Back in Seattle, Belcher pulled together a selection of Lakeside’s most innovative teachers to start big-picture thinking about the schedule and curriculum—everything from the length of the school day to the role of interdisciplinary learning. She also looked to leaders from outside the school, connecting with educators through NAIS, the Online Education Symposium for Independent Schools, the Gates Foundation, the Mastery Transcript Consortium, CITYterm at The Masters School, and the Enrollment Management Association (formerly SSATB).

You don’t have to reinvent the wheel.

Not everything has to be custom-designed. The micro-school will use curriculum, policies, and concepts developed at other schools—particularly Lakeside.

Lakeside School’s curriculum is one of the main reasons that students and families choose the school. So it made sense to base the micro-school curriculum on Lakeside’s academic program. English, history, Spanish, math, and science classes will be similar to the classes at Lakeside. Juniors and seniors at the micro-school will be able to take electives through another Lakeside startup: Global Online Academy (GOA), a nonprofit organization that sets best practices in online education through intellectually rigorous classes; excellent teaching; and diverse, worldwide, online schoolroom communities. “Tapping into the benefits of a consortium will complement our smaller teaching faculty,” Belcher says.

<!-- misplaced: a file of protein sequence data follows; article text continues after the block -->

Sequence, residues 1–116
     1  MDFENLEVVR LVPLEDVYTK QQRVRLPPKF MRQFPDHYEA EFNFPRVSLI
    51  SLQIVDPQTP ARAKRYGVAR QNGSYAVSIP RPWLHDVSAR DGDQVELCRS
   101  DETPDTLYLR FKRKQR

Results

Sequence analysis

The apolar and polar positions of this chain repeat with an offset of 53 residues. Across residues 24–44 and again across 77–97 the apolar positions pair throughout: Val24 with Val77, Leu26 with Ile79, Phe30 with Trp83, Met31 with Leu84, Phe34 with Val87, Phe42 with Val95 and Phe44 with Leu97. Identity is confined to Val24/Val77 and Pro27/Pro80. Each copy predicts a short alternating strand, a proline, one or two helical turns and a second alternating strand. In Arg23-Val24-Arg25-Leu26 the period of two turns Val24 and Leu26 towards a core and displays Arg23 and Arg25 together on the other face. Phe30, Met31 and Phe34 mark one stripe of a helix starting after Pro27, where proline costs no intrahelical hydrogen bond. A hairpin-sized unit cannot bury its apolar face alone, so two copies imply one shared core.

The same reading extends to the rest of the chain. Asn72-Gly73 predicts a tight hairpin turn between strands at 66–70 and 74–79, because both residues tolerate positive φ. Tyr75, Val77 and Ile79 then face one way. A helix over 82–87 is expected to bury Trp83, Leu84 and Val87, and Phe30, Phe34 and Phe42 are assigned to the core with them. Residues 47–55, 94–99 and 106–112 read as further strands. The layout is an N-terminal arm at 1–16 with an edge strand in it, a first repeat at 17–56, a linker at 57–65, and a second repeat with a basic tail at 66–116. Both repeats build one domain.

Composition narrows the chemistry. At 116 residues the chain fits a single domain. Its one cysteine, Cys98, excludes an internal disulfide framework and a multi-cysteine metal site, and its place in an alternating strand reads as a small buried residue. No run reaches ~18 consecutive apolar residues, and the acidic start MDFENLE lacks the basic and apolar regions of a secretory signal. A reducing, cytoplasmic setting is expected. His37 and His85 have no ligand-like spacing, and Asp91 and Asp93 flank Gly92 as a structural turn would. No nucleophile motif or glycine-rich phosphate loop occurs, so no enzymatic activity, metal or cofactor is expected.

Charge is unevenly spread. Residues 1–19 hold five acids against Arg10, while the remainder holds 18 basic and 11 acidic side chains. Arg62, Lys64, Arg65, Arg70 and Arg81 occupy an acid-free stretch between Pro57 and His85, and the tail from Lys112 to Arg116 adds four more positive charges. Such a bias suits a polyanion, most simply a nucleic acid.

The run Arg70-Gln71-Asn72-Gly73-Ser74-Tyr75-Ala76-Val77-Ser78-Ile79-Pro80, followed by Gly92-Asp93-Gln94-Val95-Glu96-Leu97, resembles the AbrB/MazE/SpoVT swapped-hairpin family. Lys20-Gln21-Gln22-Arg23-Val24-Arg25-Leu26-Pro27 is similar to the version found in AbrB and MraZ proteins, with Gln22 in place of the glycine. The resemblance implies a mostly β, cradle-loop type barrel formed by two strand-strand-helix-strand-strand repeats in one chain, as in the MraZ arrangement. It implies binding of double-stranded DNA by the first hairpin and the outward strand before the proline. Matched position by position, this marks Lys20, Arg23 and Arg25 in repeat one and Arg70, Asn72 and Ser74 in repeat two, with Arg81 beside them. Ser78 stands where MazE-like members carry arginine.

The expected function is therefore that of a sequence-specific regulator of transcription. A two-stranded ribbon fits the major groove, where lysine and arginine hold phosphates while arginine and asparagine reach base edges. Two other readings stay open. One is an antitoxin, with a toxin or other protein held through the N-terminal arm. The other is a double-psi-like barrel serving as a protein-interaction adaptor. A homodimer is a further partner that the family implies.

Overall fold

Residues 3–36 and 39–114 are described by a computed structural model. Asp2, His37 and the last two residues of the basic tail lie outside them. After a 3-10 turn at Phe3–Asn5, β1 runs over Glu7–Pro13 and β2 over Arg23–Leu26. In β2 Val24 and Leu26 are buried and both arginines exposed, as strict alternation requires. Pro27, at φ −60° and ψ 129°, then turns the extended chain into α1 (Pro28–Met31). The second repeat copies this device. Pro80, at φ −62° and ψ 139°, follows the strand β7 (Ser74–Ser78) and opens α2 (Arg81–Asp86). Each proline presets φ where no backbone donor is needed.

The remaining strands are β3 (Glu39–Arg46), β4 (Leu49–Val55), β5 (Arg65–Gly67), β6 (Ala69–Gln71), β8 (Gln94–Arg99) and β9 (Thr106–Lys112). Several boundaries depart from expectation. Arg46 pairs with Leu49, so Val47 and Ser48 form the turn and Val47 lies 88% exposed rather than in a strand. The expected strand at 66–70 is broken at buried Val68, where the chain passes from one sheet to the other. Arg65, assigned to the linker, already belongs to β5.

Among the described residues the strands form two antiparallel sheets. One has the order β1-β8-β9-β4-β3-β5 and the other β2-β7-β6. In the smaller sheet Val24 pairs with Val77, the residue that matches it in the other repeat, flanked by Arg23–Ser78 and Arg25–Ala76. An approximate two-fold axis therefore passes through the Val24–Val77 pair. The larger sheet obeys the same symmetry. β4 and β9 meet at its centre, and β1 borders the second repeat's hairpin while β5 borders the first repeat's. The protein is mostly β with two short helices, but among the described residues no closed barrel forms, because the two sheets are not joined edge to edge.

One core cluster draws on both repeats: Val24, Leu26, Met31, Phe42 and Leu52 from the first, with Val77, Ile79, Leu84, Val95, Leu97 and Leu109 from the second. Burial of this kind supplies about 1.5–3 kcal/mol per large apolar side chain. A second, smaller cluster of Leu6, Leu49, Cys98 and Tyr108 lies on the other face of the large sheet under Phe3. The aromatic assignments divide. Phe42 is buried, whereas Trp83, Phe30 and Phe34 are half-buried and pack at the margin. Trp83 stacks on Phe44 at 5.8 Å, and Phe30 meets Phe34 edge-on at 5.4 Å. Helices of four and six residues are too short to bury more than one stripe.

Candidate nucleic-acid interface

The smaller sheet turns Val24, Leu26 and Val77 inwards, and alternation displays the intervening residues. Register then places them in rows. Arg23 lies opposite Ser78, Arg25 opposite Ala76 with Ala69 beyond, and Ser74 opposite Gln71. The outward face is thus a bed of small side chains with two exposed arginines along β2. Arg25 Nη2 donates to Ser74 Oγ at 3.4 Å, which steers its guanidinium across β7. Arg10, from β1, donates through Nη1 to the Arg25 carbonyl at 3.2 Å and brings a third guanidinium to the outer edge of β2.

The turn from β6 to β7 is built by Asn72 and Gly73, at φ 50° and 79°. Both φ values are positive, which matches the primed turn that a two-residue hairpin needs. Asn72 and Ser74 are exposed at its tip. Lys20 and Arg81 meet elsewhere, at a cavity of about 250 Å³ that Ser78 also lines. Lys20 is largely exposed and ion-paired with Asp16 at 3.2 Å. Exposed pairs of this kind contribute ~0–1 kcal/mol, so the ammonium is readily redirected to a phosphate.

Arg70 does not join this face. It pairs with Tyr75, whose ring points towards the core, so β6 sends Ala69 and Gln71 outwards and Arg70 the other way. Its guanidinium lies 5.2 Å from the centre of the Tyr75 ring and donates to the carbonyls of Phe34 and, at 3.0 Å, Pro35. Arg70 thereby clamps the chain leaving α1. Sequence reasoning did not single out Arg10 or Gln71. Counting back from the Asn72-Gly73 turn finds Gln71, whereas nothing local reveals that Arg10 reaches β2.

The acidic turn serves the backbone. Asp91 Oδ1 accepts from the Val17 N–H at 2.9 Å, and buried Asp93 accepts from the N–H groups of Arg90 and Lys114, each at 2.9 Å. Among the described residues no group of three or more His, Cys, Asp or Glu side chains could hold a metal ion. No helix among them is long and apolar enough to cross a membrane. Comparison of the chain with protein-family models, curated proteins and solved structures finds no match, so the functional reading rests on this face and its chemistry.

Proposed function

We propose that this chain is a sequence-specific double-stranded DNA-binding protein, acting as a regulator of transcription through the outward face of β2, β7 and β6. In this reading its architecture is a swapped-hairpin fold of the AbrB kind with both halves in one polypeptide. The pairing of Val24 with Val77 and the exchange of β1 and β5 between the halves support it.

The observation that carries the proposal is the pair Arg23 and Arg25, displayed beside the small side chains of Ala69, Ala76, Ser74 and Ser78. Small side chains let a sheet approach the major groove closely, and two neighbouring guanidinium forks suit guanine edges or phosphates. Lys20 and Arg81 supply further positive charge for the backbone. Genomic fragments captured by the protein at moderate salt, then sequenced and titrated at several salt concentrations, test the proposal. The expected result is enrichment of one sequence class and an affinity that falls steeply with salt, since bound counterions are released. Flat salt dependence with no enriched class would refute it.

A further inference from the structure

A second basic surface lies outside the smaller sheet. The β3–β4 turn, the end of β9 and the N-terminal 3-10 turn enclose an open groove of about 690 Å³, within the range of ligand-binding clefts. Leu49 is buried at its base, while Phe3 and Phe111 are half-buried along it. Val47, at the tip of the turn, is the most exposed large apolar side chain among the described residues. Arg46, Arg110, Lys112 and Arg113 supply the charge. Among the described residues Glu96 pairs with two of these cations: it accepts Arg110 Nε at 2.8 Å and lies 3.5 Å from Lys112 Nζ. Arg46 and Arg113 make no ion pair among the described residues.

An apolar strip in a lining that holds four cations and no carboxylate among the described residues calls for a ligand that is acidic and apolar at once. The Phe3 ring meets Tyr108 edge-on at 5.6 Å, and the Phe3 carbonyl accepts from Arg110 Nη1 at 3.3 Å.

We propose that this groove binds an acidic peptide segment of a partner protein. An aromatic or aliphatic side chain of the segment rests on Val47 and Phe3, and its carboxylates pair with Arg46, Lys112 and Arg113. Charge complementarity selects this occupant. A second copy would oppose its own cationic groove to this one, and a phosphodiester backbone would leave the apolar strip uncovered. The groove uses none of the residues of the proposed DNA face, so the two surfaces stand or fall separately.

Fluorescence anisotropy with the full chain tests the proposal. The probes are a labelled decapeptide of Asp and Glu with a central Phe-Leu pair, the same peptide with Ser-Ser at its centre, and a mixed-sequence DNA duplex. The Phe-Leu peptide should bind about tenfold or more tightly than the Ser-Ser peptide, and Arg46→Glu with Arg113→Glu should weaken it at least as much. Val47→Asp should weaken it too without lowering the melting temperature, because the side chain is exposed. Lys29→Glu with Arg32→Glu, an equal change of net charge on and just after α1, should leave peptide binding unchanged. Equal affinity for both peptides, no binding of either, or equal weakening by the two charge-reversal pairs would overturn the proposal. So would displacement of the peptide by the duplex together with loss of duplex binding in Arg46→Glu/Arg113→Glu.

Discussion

The two schools will share the same mission and statement of community expectations, and the micro-school will borrow heavily from Lakeside’s employee policy manual and family handbook, which have evolved over time to reflect best practices. And even though the two schools will have a separate admissions process, both will use Ravenna admissions software. Likewise, the micro-school will rely on Lakeside’s communications office, development office, business office, and human resources.

The team also is borrowing concepts established elsewhere. For example, the micro-school’s staffing model was inspired by the Equity Project Charter School. Like the Equity Project, the Lakeside micro-school will pay teachers above the industry standard, with a starting salary of $100,000. Teachers will take on additional all-school roles like serving on the admissions committee, organizing service learning, or working on student support.